[Editor's note: "The 10 Best Index Funds to Buy and Hold" was previously published in August 2019. It has since been updated to include the most relevant information available.]Index funds are responsible for saving investors like you and me untold billions of dollars in fees over the past couple of decades. They've also spared us countless headaches. (I don't know about you, but I'm glad I don't have to pick specific stocks to buy to get exposure to utilities or play the growth in India's middle class.) And the best index funds … well, they've made us a lot of money, which is the point of it all.But index funds are also contributing to an issue that could blow up in our faces.InvestorPlace - Stock Market News, Stock Advice & Trading TipsThe push into index funds has intensified to the point that some experts believe it's not only driving the market higher, but it's causing a valuation bubble. In short, if you buy into any fund (index or not), the fund must invest that money into more stocks -- and all that buying is distorting valuations. The danger, then, is that when that bubble pops, many supposedly safe index funds will feel the pain worse than other parts of the market.The lesson here is that the best index funds to buy for the foreseeable future aren't all going to look the same. * Millennials Drive Big Investing Trends Some top index fund picks will be so buy-and-hold-oriented that you won't need to worry about the bubble popping in a year or two or three because you plan on holding for 20 years, maybe 30. Some of the best picks for next year will only be worth buying into for tactical trades of a week or two at a time.So the following is a list of the best index funds for everyone -- from long-term retirement-minded investors to click-happy day traders. And this includes a few funds that I either hold currently or have traded in the past.In no particular order … iShares Core S&P 500 ETF (IVV)Type: Large-Cap Equity Expenses: 0.04%, or $4 annually for every $10,000 invested.Every year, I take a look at the best index funds for investors, and the Vanguard S&P 500 ETF (NYSEARCA:VOO) is always at the top of my list.The argument is typically the same, and consists of two parts: * The S&P 500 Index is one of the best chances you have at solid investment performance. That's because most equity funds fail to beat the market, most hedge funds fail to beat the market, and, to quote Innovative Advisory Group, "individual investors as a group have no idea what they are doing." So if beating the market is so darned hard, just invest "in the market" and get the market's actual return. The VOO and two other exchange-traded funds allow you to do that. * The VOO is the cheapest way to invest in the S&P 500.But that second point has changed.In trying to position itself for advisers who may want to suggest the lowest-cost offerings, iShares parent BlackRock, Inc. (NYSE:BLK) lowered the fees on 15 of its Core-branded ETFs, including the S&P 500-tracking iShares Core S&P 500 ETF (NYSEARCA:IVV).Previously, the IVV charged seven basis points. It's better than the SPDR S&P 500 ETF's (NYSEARCA:SPY) 0.09%, but still above VOO's 0.03%. Now, though, IVV falls closest to the cellar at just 0.04% in annual fees. Thus, the recommendation stands. Buy the market for as cheap as you can, and right now, that's the IVV.And that note of caution? If the valuation bubble does pop, the S&P 500 and its components very well could be hit harder than many other blue-chip stocks outside the index. If you only have a few years left in your investment horizon, you should acknowledge this and invest (and monitor) accordingly. If your investment horizon is measured in decades, buy and never look back.Learn more about iShares' IVV here iShares Core S&P Mid-Cap ETF (IJH)Type: Mid-Cap Equity Expenses: 0.07%As I just said, it's difficult to beat the market. But the iShares Core S&P Mid-Cap ETF (NYSEARCA:IJH) is awfully, awfully darn good at it. From a total performance perspective, the IJH has beaten the IVV over a 15-year period.Source: Rachel Kramer via FlickrAnd yet, very few people talk about the IJH, just as very few people talk about the companies that make it tick, such as veterinary supplier Idexx Laboratories, Inc. (NASDAQ:IDXX).So … what's the deal?Mid-cap companies are frequently referred to as the market's "sweet spot." That's because, as Hennessy Funds describes in a whitepaper (PDF), they typically feature much more robust long-term growth potential than their large-cap brethren, but more financial stability, access to capital and managerial experience than their small-cap counterparts. * Millennials Drive Big Investing Trends The result:"Using standard deviation as a statistical measure of historical volatility, investors in mid-cap stocks have consistently been rewarded with lower risk relative to small-cap investors over the 1, 3, 5, 10, 15 and 20 years ended December 31, 2015. While mid-caps have historically exhibited higher standard deviation than large-caps, investors were compensated for this higher volatility with higher returns for the 10, 15 and 20 year periods."Ben Johnson, CFA, director of global ETF research for Morningstar, points out that "an investment in a dedicated mid-cap fund reduces the likelihood of overlap with existing large-cap allocations and stands to improve overall portfolio diversification."In other words, IJH is an outstanding fund, but don't consider it an S&P 500 replacement -- consider it an S&P 500 complement.Invest in both.Learn more about IJH here SPDR S&P Bank ETF (KBE)Type: Industry (Banking) Expenses: 0.35%Bank stocks have done very, very well in 2019, with solid year-to-date performances in stocks like Bank of America (NYSE:BAC) and Citigroup (NYSE:C) (up 19% and 32% respectively) leading the broad Financial Select Sector SPDR Fund (NYSEARCA:XLF) to a 17% gain since the start of 2019. This makes the SPDR S&P Bank ETF (NYSEARCA:KBE) especially attractive.Source: Mike Mozart via FlickrSince the end of Oct. 2016, the KBE has gained over 25% on the belief Trump will tear down Wall Street regulations, creating an environment that's much more conducive to bank profits.That was confirmed in late 2016, when Trump confirmed Steve Mnuchin as his pick for Treasury Department secretary, and Mnuchin was quick to say that "(stripping) back parts of Dodd-Frank that prevent banks from lending" was top on his list of priorities.Mnuchin said something else telling -- namely, that regional banks were the "engine of growth to small- and medium-sized businesses." I got a call from Chris Johnson of JRG Investment Group after that, and he quipped, "It's like he stared into the camera and winked at every regional bank and said, 'You're going to make money again.'"While XLF does hold banks, it also holds insurers and other types of financials. KBE is a more focused collection of dozens of banks, including national brands like Bank of America and smaller regionals like Montana-based Glacier Bancorp, Inc. (NASDAQ:GBCI), which is less than $3.5 billion by market cap. These stocks will not only benefit from any anti-regulation action but also future interest rate hikes.Learn more about SPDR's KBE here PowerShares Aerospace & Defense Portfolio (PPA)Type: Sector (Defense) Expenses: 0.60%The PowerShares Aerospace & Defense Portfolio (NYSEARCA:PPA) is one of two ideal ways to play the defense space broadly. The other is the iShares U.S. Aerospace & Defense ETF (NYSEARCA:ITA), and frankly, I think it's a toss-up between the pair. It just depends on what you're looking for.Source: Shutterstock Both are heavy in many of the same stocks, such as Boeing Co (NYSE:BA) and United Technologies Corporation (NYSE:UTX). The price advantage goes to the iShares fund, which is cheaper by 0.2 percentage points. However, PPA is a better choice if you're looking for more diversification. * Millennials Drive Big Investing Trends Defense stocks are clobbering the market, including more than doubling the S&P 500 since Trump got elected. This isn't a hidden trade. Frankly, I think new money should consider waiting for the next sizable market dip to knock some of the froth off before buying either of these ETFs.But defense will rule for the foreseeable future. Thus, PPA and ITA will, too.Learn more about PowerShares' PPA here. Global X SuperDividend Emerging Markets ETF (SDEM)Type: Emerging-Market Dividend Expenses: 0.65%The next four funds are dedicated yield plays, and we're starting with a pretty young (and aggressive) ETF -- the Global X SuperDividend Emerging Markets ETF (NYSEARCA:SDEM). But there are a few sound theories that could make this one of the best international plays.Source: Shutterstock Trump is widely considered to be a net negative for emerging markets because of his anti-trade, pro-U.S. rhetoric. But as Paul J. Lim and Carolyn Bigda at Fortune point out, the recent reactionary drought in EM stocks has brought their price-to-earnings ratios below their long-term average.The duo points out a number of other drivers, including … * Stimulated U.S. economic growth would benefit emerging markets who export to the West. * Commodity price pressure has eased, helping the many materials plays in EMs. * Higher oil prices should reduce the number of loan defaults in oil and gas, which will lift some of the worries about emerging markets' financial companies.All of that stands to benefit the SDEM, which has 23% of its holdings i nenergy and basic materials ) as its two heaviest sectors and invests heavily in commodity-focused markets including Brazil and Russia.SDEM does pose a bit of risk by intentionally investing in some of the highest yielders across a number of emerging markets -- as we all know, dividends can suggest financial stability, but excessively high dividends can be a symptom of troubled companies.But Global X views the high dividends as another factor of value (the reason yields are high is because the stocks are underappreciated), and it does mitigate this risk by equally weighting its 50 holdings upon every rebalancing.SDEM's monthly dividend yields 6.58%. That's still excellent for an emerging-markets fund, and the icing on the cake if the potential for an EM rebound is realized.Learn more about SDEM here PowerShares S&P 500 High Dividend Low Volatility Portfolio (SPHD)Type: U.S. Dividend Expenses: 0.3%If you're looking for dividend stocks without quite so much risk, the PowerShares S&P 500 High Dividend Low Volatility Portfolio (NYSEARCA:SPHD) is literally designed to provide you with just that.Source: Shutterstock The SPHD has a portfolio that seeks out dividends, not in risky emerging markets, but in the most stable high-yield blue chips the S&P 500 has to offer. To do this, the index takes the 75 highest-yielding constituents of the index, with a maximum of 10 stocks in any one particular sector, then takes the 51 stocks with the lowest 12-month volatility from the group.The result is a mostly boring group of stocks that are heavy in utilities (14%), energy (14%) and real estate (24%). * Millennials Drive Big Investing Trends The fund also uses a modified market cap-weighting scheme that provides a ton of balance. Even top holdings Iron Mountain (NYSE:IRM) and Macerich (NYSE:MAC) are just 3% of the fund apiece.The main purpose of a fund like SPHD is to create even returns and strong income -- something more in line of protection against a down market. But it has even managed to clobber SPY (and numerous dividend ETFs) in the past.SPHD is young, but it looks like one of the best index funds on the market.Learn more about SPHD here SPDR Bloomberg Barclays High Yield Bond ETF (JNK)Type: Junk Bond Expenses: 0.4%In late 2014, I picked the SPDR Bloomberg Barclays High-Yield Bond ETF (NYSEARCA:JNK) as one of the best index funds to buy for 2015, and JNK responded by dropping 13% that year and recovering to "only" a 9.8% decline in 2016. But this year, however, JNK is actually up 9%.That reflects the general idea behind buying JNK -- even in difficult times for junk bonds, a heavy yield can do a lot to offset capital losses, and then some.Invesco released a report showing that high-yield bonds like those held in JNK actually perform well in rising-rate environments (PDF). It starts:"Since 1987, there have been 16 quarters where yields on the 5-year Treasury note rose by 70 basis points or more. During 11 of those quarters high yield bonds demonstrated positive returns; during the five quarters where high yield bond returns were not positive, the asset class rebounded the following quarter."There's a number of reasons for this, such as an expanding economy normally being a boon for corporate debt service (lowering default rates), a lower relative duration rate of junk bonds and the boosting of returns via prepayment penalties by companies anxious to reduce or eliminate their debt before rates increase.Meanwhile, near-zero rates have helped keep down the rates on junk bonds, so right now JNK is yielding nearly 5.6% despite offering some of its lowest nominal payouts since inception in late 2007. Expect that to rise along with interest rates in coming years, which will provide outstanding annual returns from income alone to anyone with a long investment horizon.Learn more about SPDR's JNK here VanEck Vectors Preferred Securities ex Financials ETF (PFXF)Type: Preferred Stock Expenses: 0.4%*Another less-ballyhooed asset geared toward high income is preferred stocks. They're called "preferred" because the dividends on them actually take preference over common stock dividends.Source: Shutterstock Preferreds must be paid before commons are, and in the case of a suspension, many preferred stocks demand that the company pay all missed dividends in arrears before resuming dividends to common shares.And the "stocks" part of the moniker is a little misleading too, because they actually have a lot in common with bonds: * While preferred stock technically is equity, it typically doesn't include voting rights (like bonds). * Also, rather than a dividend that may fluctuate from payout to payout like a stock, preferreds have one fixed, usually high, payout amount that's assigned when the stock is issued (like bonds). * While common stock technically can register capital gains and losses, they tend to trade close to the par value assigned at issuance, which often is $25. So they might trade at a little discount or a little premium, but they don't fluctuate a lot. In other words: They have low volatility. * Millennials Drive Big Investing Trends While I have long been (and still am) invested in the iShares U.S. Preferred Stock ETF (NYSEARCA:PFF), my recommendation is the VanEck Vectors Preferred Securities ex Financials ETF (NYSEARCA:PFXF).The real draw of PFXF is its low 0.4% expense ratio, low volatility and 5.4% yield -- the best combination of the three in the space.*Includes an 8-basis-point fee waiverLearn more about VanEck's PFXF here Direxion Daily S&P Biotech Bull 3x Shares (LABU)Type: Leveraged Industry (Biotech) Expenses: 1.13%*While I'm long both pharmaceuticals via the Health Care Select Sector SPDR Fund (NYSEARCA:XLV) and biotechs via the SPDR S&P Biotech ETF (NYSEARCA:XBI), I think the best healthcare opportunity will be found by traders who tango with the Direxion Daily S&P Biotech Bull 3x Shares (NYSEARCA:LABU).Source: Shutterstock The LABU is a 3x leveraged index fund that aims to provide triple the daily returns of the S&P Biotechnology Select Industry Index -- the same index upon which XBI is based. Note the term "daily returns" -- the longer you hold onto leveraged funds, the more your returns can skew from the movement of the index.I think biotechs could still be in for a bumpy ride, as popular outcry over sky-high drug pricing isn't going away. Moreover, there's still the issue of pharmacy benefits managers (PBMs) increasingly siphoning pharmaceutical and biotechs' profits. But aggressive traders will get the most bang for their buck trying to play dips with tools like LABU, while fiscal hermit crabs like myself are content to sit in XBI and enjoy the uneven crawl higher.*Includes 12-basis-point fee waiver.Learn more about Direxion's LABU here Direxion Daily Gold Miners Index Bull and Bear 3x Shares (NUGT/DUST)Type: Leveraged Industry (Gold Mining) Expenses: 0.94%/1.04%*The last of the best index funds are actually a pair of funds that you can use to trade gold. (Sort of.)Source: Shutterstock The Direxion Daily Gold Miners Index Bull 3x Shares (NYSEARCA:NUGT) and Direxion Daily Gold Miners Index Bear 3x Shares (NYSEARCA:DUST) are actually leveraged plays on the NYSE Arca Gold Miners Index -- an index of gold mining companies that powers the VanEck Vectors Gold Miners ETF (NYSEARCA:GDX).Why gold miners?Gold miners have certain all-in costs of mining gold, and so they move heavily based on the price of the commodity. In fact, they tend to be more volatile than gold itself. Just take the first half of 2016, in which the SPDR Gold Trust (ETF) (NYSEARCA:GLD) returned a robust 25%. GDX doubled in that same time frame. And NUGT? NUGT returned 420% -- so, more than quadruple the GDX. * Millennials Drive Big Investing Trends But if you timed the play wrong, you were sunk. If you bought NUGT in May and held through the end of the month, you were down 40% to GDX's 14%.I have no doubt that 2019 will continue to provide a number of big drivers (in either direction) for gold, from U.S. dollar movements to interest rate moves to renewed Brexit fears. NUGT and DUST are two lucrative ways to profit off those trends.Just handle with care.*Includes a 9-basis-point fee waiver for NUGT and a 2-basis-point fee waiver for DUST.Learn more about NUGT & DUST hereAs of this writing, Kyle Woodley did not hold a position in any of the aforementioned securities. Follow him on Twitter at @KyleWoodley. More From InvestorPlace * 2 Toxic Pot Stocks You Should Avoid * 10 Stocks to Sell in Market-Cursed September * 7 of the Worst IPO Stocks in 2019 * 7 Best Stocks That Crushed It This Earnings Season The post The 10 Best Index Funds to Buy and Hold appeared first on InvestorPlace.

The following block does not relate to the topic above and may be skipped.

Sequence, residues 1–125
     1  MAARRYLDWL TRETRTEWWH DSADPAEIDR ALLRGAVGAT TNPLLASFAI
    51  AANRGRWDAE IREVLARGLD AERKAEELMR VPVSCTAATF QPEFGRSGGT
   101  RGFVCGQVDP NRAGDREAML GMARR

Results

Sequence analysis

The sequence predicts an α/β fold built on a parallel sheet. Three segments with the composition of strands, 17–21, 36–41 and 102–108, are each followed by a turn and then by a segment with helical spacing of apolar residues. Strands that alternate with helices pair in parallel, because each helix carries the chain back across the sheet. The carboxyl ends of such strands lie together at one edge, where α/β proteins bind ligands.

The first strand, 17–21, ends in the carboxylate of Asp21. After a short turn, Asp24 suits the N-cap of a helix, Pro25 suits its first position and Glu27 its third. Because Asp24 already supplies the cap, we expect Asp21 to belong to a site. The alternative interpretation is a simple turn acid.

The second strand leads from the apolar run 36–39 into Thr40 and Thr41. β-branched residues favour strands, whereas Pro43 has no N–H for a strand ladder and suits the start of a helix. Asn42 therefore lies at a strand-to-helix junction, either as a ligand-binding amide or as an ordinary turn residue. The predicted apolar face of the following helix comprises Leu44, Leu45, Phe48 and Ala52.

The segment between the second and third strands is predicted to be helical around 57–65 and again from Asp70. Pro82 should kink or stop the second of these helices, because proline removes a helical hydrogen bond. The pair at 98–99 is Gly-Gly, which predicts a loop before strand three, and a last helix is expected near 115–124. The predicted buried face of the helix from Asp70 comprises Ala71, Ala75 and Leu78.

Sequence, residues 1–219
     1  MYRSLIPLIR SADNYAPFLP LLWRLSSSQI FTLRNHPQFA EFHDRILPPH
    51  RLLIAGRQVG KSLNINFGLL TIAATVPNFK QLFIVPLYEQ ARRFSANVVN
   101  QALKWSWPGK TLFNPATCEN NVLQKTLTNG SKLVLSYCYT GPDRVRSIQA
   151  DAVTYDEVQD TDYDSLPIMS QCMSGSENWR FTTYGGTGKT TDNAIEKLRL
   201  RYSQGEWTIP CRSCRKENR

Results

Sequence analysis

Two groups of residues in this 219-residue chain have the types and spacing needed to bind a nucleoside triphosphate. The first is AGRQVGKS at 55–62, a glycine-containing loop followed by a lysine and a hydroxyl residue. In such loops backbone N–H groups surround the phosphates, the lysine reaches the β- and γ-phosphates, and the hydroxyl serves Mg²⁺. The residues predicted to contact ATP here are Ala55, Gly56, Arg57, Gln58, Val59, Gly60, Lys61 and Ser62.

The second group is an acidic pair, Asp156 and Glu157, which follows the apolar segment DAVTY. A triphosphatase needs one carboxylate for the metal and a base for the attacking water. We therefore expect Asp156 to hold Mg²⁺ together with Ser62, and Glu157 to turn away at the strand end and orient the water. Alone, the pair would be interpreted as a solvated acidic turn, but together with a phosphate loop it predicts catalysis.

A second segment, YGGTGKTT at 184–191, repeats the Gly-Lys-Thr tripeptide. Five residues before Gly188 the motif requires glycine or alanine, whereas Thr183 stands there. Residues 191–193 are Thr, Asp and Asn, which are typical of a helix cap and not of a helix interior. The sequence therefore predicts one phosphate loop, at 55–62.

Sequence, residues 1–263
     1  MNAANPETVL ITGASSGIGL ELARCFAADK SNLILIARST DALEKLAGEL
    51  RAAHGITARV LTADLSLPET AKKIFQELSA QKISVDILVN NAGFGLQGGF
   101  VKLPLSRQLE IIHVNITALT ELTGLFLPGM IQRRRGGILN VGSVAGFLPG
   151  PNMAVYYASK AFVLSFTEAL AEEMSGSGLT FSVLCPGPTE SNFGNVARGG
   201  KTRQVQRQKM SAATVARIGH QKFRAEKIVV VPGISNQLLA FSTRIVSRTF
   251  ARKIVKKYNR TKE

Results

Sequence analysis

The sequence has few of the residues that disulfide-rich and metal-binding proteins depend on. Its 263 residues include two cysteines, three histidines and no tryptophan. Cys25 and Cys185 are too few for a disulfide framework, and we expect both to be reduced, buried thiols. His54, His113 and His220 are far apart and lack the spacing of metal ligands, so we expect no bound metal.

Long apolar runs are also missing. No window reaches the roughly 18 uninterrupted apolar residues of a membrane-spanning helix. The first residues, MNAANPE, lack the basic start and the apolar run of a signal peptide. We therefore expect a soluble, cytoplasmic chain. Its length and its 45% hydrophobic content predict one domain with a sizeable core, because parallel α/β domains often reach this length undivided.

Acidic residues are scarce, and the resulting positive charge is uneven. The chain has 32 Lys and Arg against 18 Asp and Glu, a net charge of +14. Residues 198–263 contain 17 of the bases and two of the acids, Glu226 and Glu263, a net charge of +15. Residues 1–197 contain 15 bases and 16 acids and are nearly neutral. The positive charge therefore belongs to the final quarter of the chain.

• MoneyShow